Some look to popular culture, not to firearms themselves, to explain the levels of firearm violence in the United States. They cite exposure of youth to increasing levels of violence in movies, television, and video games as an important factor, although that link remains hotly debated. Dan Romer, PhD and colleagues have recently documented increased levels of gun violence in PG-13 movies. As a result, they note, “movie-going families are now undergoing an experiment in which children of any age can enter a theater to watch a PG-13 film in which the protagonists gain power, settle conflicts, and kill or are killed by lethal weapons.”
► READ: Romer D, Jamieson PE, Jamieson KH. The Continuing Rise of Gun Violence in PG-13 Movies, 1985 to 2015. Pediatrics. 2017;139(2):e20162891.
We end this post by pointing to a 2007 Washington Post opinion piece by Dr. John Pryor, a surgeon who directed the trauma program at the Hospital of the University of Pennsylvania. In the piece, “The War in West Philadelphia” he likened urban gun violence to war, and recounts the human toll of firearm violence, the despair, the tragic loss of life, the devastated families. He stated,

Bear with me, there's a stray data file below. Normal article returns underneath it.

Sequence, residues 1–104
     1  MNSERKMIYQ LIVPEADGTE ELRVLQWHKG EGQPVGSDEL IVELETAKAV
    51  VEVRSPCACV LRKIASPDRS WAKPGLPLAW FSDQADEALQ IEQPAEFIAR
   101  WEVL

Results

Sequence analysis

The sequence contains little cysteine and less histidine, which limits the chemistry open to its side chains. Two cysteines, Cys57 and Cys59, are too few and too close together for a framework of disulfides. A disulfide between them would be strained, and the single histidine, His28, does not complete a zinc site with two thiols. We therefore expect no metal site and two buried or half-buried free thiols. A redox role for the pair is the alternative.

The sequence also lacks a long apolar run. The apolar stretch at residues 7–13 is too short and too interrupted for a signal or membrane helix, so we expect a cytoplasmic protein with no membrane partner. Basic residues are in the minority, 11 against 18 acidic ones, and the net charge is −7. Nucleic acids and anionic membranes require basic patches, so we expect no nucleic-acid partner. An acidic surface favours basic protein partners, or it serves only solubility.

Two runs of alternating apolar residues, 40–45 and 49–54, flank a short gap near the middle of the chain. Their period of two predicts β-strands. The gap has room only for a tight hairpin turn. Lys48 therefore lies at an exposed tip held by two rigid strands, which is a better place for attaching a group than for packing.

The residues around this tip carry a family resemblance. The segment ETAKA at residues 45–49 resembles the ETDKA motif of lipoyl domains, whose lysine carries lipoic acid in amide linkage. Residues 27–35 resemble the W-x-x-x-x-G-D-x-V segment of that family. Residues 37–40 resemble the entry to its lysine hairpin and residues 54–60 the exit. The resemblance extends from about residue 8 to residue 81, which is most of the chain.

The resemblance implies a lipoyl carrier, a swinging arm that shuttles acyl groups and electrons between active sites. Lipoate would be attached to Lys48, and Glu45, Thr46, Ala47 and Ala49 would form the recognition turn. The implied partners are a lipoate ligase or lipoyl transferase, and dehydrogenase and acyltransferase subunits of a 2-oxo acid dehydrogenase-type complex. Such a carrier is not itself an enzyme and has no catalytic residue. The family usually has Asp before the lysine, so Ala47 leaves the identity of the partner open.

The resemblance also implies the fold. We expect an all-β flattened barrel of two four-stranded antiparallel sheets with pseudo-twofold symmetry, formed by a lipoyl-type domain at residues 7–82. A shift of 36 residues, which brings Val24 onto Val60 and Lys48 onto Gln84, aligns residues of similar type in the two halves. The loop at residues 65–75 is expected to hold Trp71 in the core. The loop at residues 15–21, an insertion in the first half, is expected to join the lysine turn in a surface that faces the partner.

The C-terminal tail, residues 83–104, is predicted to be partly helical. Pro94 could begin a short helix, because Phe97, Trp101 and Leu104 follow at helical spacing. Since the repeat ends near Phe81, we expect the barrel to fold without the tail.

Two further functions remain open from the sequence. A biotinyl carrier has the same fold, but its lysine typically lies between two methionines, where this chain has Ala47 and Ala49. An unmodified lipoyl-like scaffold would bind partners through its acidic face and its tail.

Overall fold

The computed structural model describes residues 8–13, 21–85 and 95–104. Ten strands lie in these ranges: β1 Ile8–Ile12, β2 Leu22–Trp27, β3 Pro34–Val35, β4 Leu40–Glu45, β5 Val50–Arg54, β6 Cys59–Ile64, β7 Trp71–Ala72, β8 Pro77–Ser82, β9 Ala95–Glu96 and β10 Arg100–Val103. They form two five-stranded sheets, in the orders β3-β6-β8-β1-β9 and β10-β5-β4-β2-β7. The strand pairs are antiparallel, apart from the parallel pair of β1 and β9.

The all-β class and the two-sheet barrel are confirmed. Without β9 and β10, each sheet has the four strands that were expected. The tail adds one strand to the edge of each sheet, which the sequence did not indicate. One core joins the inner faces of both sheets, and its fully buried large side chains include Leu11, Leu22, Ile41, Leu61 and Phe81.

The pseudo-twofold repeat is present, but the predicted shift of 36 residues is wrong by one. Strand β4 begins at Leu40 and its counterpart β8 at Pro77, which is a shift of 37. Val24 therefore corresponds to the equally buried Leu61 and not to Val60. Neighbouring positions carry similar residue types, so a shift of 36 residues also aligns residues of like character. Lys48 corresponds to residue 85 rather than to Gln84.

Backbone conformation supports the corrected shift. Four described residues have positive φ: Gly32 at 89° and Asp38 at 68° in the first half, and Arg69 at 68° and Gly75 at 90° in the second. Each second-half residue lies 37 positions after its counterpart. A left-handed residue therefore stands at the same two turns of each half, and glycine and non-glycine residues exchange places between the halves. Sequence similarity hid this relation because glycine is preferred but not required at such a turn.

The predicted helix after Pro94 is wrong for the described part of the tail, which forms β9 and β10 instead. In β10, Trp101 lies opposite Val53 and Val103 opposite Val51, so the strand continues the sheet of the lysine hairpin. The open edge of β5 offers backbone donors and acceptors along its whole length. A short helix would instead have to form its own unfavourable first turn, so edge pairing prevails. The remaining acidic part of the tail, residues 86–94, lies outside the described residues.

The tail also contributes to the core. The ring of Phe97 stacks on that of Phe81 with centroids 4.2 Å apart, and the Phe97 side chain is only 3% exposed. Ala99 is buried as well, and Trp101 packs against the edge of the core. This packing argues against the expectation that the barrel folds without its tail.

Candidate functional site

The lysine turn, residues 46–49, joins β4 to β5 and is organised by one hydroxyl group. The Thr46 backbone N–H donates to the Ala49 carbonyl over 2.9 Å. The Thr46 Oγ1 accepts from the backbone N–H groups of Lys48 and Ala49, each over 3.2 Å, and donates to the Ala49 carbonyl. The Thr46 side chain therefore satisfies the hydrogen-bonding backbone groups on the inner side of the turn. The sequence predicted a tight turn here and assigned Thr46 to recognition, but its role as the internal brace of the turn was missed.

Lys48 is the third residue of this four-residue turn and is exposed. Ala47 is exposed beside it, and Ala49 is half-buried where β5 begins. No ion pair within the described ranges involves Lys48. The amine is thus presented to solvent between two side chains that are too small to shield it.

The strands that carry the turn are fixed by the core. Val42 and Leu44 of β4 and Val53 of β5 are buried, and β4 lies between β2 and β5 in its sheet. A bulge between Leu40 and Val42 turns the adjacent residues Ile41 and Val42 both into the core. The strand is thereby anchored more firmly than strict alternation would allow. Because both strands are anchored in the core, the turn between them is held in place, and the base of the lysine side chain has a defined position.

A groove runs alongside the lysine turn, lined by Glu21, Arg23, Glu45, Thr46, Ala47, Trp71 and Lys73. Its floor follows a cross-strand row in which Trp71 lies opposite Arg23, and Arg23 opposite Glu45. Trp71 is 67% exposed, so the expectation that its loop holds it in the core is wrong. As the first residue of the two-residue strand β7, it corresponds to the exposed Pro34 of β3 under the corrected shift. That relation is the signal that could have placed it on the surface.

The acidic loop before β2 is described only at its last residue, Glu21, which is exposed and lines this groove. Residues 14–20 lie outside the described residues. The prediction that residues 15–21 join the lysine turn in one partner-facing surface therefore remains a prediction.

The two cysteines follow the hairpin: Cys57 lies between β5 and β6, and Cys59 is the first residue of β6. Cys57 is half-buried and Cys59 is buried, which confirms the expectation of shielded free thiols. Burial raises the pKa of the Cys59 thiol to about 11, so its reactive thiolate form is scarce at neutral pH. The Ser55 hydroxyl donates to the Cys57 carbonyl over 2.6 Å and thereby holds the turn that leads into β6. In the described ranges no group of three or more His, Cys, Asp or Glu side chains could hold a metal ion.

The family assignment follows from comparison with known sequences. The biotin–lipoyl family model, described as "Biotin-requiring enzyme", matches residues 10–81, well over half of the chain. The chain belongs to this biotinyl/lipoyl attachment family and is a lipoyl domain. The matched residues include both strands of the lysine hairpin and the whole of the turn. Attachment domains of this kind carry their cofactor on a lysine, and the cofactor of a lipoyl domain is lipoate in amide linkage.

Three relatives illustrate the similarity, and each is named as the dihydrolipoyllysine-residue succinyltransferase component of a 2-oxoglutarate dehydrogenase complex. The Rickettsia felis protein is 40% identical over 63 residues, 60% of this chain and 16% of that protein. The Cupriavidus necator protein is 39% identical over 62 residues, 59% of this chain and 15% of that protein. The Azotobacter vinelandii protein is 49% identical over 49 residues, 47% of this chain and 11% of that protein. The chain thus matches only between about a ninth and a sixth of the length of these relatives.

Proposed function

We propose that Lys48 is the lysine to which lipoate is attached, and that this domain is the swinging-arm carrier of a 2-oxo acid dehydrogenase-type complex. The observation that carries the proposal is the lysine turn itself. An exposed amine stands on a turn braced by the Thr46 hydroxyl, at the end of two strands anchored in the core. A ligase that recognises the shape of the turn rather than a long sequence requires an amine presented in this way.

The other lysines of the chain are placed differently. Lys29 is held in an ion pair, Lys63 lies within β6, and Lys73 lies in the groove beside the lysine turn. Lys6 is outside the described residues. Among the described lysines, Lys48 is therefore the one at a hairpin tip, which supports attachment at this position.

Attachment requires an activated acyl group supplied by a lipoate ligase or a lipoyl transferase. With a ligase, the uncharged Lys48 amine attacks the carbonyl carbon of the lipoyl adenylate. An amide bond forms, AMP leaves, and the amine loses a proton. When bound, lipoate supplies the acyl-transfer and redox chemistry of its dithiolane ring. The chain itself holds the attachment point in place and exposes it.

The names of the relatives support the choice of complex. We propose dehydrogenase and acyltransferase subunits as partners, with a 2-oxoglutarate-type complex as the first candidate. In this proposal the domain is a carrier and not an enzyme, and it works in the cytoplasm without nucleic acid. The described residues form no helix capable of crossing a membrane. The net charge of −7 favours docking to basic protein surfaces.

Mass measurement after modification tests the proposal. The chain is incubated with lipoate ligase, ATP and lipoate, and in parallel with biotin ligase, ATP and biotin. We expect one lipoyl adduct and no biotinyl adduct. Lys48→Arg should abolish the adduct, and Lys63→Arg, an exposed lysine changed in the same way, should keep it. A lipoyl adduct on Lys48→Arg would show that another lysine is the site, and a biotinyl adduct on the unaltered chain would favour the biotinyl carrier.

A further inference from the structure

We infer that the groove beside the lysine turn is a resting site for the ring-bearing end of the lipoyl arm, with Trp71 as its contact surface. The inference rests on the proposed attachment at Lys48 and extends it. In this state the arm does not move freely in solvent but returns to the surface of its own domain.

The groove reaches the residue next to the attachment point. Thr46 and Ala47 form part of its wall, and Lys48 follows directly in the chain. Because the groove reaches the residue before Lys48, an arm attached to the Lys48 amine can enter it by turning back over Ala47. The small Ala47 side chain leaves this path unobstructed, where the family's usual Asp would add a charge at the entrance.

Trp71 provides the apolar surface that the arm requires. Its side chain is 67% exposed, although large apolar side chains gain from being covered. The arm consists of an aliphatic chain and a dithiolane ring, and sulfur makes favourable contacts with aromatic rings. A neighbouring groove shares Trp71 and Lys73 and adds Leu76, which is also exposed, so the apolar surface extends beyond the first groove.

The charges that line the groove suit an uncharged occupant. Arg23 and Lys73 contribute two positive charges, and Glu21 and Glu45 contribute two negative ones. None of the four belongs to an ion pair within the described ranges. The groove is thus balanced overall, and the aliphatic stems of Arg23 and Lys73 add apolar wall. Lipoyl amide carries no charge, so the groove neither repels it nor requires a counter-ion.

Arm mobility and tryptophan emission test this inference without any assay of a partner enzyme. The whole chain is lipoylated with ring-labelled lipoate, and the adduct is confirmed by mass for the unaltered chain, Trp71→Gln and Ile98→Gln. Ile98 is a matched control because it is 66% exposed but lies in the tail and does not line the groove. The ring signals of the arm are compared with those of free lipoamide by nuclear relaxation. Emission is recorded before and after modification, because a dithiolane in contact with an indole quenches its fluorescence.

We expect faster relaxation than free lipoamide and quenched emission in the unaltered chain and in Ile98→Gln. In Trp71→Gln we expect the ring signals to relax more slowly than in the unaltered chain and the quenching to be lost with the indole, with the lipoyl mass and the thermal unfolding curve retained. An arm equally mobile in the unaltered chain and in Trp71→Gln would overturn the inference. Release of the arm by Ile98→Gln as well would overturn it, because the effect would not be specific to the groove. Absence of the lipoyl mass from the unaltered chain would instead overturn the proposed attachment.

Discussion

More young men are killed each day on the streets of America than on the worst days of carnage and loss in Iraq. There is a war at home raging every day, filling our trauma centers with so many wounded children that it sometimes makes Baghdad seem like a quiet city in Iowa.
Dr. Pryor knew what he was talking about: he had served at a combat hospital in Abu Ghraib, Iraq in 2006. On his second tour of duty, as a member of the U.S. Army Surgical Unit in Iraq, Dr. Pryor was killed on December 25, 2008. Honoring his legacy of saving lives is a fitting place to begin this conversation.